Plan to take your UAE business global? These tax strategies will help
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Plan to take your UAE-based business global? These tax strategies will help

Plan to take your UAE-based business global? These tax strategies will help

When it comes to expanding globally from a UAE base, the complexity of tax regulations across different jurisdictions can pose significant hurdles

Gulf Business
Tax strategies to help expand your business globally GettyImages-918061226

In today’s interconnected world, businesses have unprecedented access to international markets. Companies of all sizes can now venture beyond their domestic borders, opening up new avenues for revenue generation and growth opportunities.

However, when it comes to expanding globally from a UAE base, the complexity of tax regulations across different jurisdictions can pose significant hurdles.

Navigating varying corporate tax rates, understanding and complying with local tax laws, and managing the risk of double taxation are all essential to avoid legal pitfalls and unnecessary tax burdens.

So, how can UAE-based businesses manage these tax challenges to unlock the full potential of international markets?

Setting the foundation with corporate domicile

A fundamental step in this process is understanding the concept of corporate domicile, which plays a pivotal role in determining a company’s tax obligations. For UAE-based companies, this is particularly significant.

The UAE offers a favourable tax environment with minimal corporate taxes and strategic tax grouping provisions, making it an attractive hub for businesses aiming to expand globally.

Corporate domicile essentially determines where a company is considered to reside for tax purposes. For businesses in the UAE, achieving the status of a resident entity involves being effectively managed and controlled within the country. This distinction opens the door to substantial tax advantages.

Notably, foreign companies that have significant shareholdings in UAE entities and meet specific residency criteria outlined in the UAE’s corporate tax law can benefit immensely. Such criteria include having UAE residents as directors and key decision-makers and allowing these foreign companies to form a tax group with their UAE subsidiaries. This not only simplifies the tax reporting process but also maximises the benefits stemming from the UAE’s tax-efficient framework.

By laying this groundwork, you can navigate the initial stages of international expansion more effectively, setting the stage for a deeper exploration of tax planning and leveraging international agreements.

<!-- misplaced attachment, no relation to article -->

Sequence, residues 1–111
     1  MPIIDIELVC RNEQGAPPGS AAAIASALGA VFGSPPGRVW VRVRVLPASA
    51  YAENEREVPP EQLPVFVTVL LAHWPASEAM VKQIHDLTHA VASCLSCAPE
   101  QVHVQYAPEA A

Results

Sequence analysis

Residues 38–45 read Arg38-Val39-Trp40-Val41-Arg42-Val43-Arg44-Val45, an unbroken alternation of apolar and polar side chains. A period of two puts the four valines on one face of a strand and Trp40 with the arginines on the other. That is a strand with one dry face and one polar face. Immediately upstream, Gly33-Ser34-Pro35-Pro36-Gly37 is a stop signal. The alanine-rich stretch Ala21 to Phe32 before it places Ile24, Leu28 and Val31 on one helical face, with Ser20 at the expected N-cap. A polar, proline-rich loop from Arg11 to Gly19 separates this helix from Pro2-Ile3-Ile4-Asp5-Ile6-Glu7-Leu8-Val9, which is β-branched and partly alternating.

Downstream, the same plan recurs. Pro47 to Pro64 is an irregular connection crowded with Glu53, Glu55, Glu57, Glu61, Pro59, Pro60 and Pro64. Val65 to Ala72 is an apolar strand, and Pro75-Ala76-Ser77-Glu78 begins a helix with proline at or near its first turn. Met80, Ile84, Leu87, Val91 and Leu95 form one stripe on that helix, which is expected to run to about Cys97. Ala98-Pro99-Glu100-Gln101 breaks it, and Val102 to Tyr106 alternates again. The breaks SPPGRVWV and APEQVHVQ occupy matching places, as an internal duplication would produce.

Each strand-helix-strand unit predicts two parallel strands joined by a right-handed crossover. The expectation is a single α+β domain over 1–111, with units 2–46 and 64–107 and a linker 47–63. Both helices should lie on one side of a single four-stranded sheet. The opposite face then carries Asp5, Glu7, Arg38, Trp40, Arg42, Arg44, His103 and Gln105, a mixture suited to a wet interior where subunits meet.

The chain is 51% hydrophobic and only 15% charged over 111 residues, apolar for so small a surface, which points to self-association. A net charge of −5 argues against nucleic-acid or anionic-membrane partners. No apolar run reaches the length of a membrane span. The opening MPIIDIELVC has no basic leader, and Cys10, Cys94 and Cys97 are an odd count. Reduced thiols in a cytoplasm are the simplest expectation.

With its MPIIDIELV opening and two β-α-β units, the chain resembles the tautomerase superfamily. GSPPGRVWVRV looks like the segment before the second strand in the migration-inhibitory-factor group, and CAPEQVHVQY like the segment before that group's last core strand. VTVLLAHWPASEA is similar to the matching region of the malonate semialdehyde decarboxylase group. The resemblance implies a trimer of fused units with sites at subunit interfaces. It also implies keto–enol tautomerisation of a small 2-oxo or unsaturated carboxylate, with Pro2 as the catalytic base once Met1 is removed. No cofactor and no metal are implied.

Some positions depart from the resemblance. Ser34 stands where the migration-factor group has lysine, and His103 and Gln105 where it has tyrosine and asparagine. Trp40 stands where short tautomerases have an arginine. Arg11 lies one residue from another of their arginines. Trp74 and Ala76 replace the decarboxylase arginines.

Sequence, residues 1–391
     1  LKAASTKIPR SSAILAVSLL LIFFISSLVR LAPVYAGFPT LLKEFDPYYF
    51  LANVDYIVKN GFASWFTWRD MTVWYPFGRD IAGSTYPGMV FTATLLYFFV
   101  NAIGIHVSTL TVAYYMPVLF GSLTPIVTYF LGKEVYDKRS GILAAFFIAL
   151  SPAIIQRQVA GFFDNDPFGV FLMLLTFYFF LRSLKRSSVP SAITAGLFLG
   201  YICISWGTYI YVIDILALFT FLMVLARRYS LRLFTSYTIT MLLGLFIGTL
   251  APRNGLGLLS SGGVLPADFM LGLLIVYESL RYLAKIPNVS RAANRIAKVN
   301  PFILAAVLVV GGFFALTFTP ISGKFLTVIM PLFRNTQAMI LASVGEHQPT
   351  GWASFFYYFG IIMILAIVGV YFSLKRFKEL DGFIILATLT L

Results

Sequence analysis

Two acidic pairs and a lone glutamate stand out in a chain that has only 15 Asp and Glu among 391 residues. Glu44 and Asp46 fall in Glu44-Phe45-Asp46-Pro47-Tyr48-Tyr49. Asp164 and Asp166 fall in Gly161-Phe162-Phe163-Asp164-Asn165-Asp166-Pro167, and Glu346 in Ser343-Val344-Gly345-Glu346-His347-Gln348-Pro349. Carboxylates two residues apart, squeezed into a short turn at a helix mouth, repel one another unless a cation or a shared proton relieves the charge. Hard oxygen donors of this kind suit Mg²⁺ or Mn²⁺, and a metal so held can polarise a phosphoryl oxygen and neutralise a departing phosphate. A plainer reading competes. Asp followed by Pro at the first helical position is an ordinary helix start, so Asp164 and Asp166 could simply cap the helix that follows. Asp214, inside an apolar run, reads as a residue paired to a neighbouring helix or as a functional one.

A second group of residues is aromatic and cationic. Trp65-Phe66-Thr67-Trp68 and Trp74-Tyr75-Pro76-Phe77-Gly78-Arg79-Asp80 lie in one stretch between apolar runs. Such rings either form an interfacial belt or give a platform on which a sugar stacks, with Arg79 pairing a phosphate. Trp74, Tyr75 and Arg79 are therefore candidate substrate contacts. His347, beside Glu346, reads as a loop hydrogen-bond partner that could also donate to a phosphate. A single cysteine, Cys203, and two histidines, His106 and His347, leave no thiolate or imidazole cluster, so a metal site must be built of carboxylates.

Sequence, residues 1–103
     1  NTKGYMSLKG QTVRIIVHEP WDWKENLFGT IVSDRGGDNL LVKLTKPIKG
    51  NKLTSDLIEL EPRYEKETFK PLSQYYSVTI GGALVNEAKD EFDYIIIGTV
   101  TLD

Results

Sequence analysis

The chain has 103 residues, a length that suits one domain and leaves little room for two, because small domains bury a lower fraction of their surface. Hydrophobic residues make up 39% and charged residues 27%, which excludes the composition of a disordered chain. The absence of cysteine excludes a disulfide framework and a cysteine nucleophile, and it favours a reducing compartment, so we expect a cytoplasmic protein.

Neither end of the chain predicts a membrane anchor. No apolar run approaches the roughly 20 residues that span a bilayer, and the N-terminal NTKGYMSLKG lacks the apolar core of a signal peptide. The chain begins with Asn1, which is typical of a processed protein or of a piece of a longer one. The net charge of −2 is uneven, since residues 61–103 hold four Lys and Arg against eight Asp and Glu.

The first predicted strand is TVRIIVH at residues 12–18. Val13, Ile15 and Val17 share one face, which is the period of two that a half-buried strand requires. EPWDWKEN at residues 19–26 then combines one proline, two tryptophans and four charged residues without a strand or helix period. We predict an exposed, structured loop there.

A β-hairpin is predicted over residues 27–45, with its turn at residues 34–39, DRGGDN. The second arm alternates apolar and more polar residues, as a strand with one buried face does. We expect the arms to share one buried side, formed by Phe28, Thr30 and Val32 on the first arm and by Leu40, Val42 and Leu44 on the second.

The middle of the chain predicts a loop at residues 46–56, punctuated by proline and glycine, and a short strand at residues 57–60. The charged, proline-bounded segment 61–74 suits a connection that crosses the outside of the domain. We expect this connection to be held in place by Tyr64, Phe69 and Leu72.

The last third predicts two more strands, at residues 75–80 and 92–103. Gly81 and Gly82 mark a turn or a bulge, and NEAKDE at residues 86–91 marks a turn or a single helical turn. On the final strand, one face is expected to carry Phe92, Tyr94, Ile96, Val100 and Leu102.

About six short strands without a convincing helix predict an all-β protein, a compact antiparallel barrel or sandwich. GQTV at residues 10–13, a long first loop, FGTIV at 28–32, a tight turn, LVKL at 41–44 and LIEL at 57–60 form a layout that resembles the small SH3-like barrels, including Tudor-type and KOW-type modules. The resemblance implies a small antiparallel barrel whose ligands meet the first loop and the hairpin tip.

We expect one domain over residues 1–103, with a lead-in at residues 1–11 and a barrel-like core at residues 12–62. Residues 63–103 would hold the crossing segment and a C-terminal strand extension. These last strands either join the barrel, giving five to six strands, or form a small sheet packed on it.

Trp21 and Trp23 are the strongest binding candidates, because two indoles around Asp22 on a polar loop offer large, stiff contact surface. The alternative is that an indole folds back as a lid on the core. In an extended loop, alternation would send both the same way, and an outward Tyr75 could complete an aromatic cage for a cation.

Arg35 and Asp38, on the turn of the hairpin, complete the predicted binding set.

Leveraging double tax agreements

The UAE stands out for its tax-friendly regime. Unlike many other countries, it imposes minimal corporate taxes and offers a relatively straightforward tax framework, making it a good choice as an operational base or headquarters. However, ensuring that these benefits extend to your business operations abroad requires an understanding of how the country’s double taxation policies work and how they can be used to your advantage.

The UAE has established double taxation treaties (DTTs) with over a hundred countries worldwide, designed to prevent the same income from being taxed by two different jurisdictions. However, each DTA is unique, with specific provisions regarding the types of income covered and the methods for avoiding double taxation so it’s essential to understand the details of the agreements with countries where you plan to do business.

By structuring investments through jurisdictions that have favourable DTAs with both the UAE and the destination country, or establishing subsidiaries in a manner that leverages benefits offered by DTAs, you can reduce or even eliminate your tax liability on foreign income.

Many multinational corporations operating in the UAE have used this strategy to good effect. Several tech giants and pharmaceutical companies allocate profits to subsidiaries in countries with favourable tax rates. This legal strategy, known as profit shifting, involves setting up operations or intellectual property holdings in these jurisdictions to minimise overall tax liability.

Restructuring supply chains is another way to take advantage of favourable DTAs.

For instance, a company might establish a logistics base in the UAE to serve markets where the UAE has beneficial DTAs, reducing withholding taxes on dividends and interest income from foreign subsidiaries. This can significantly lower the overall tax burden on repatriated profits.

Transfer pricing

Effective transfer pricing strategies are another powerful tool for tax optimisation, enabling businesses to allocate income and expenses in a manner that reflects economic reality while minimising tax liabilities across jurisdictions.